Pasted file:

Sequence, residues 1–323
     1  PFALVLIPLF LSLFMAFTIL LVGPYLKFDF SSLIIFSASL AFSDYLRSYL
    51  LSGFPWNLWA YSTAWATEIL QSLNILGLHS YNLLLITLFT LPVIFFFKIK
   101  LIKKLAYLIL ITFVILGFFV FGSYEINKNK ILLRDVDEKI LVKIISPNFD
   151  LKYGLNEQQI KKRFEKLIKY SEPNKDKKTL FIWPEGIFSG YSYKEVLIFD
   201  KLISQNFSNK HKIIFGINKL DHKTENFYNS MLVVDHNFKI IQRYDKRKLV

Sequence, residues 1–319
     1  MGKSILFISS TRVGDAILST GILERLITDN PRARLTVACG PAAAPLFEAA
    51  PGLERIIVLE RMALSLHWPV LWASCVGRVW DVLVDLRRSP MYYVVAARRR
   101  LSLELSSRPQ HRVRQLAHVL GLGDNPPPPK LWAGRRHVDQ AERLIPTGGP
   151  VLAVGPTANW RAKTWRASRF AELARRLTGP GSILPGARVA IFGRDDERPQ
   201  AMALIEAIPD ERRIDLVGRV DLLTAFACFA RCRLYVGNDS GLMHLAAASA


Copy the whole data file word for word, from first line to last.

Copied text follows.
Sequence, residues 1–323
     1  PFALVLIPLF LSLFMAFTIL LVGPYLKFDF SSLIIFSASL AFSDYLRSYL
    51  LSGFPWNLWA YSTAWATEIL QSLNILGLHS YNLLLITLFT LPVIFFFKIK
   101  LIKKLAYLIL ITFVILGFFV FGSYEINKNK ILLRDVDEKI LVKIISPNFD
   151  LKYGLNEQQI KKRFEKLIKY SEPNKDKKTL FIWPEGIFSG YSYKEVLIFD
   201  KLISQNFSNK HKIIFGINKL DHKTENFYNS MLVVDHNFKI IQRYDKRKLV

Sequence, residues 1–319
     1  MGKSILFISS TRVGDAILST GILERLITDN PRARLTVACG PAAAPLFEAA
    51  PGLERIIVLE RMALSLHWPV LWASCVGRVW DVLVDLRRSP MYYVVAARRR
   101  LSLELSSRPQ HRVRQLAHVL GLGDNPPPPK LWAGRRHVDQ AERLIPTGGP
   151  VLAVGPTANW RAKTWRASRF AELARRLTGP GSILPGARVA IFGRDDERPQ
   201  AMALIEAIPD ERRIDLVGRV DLLTAFACFA RCRLYVGNDS GLMHLAAASA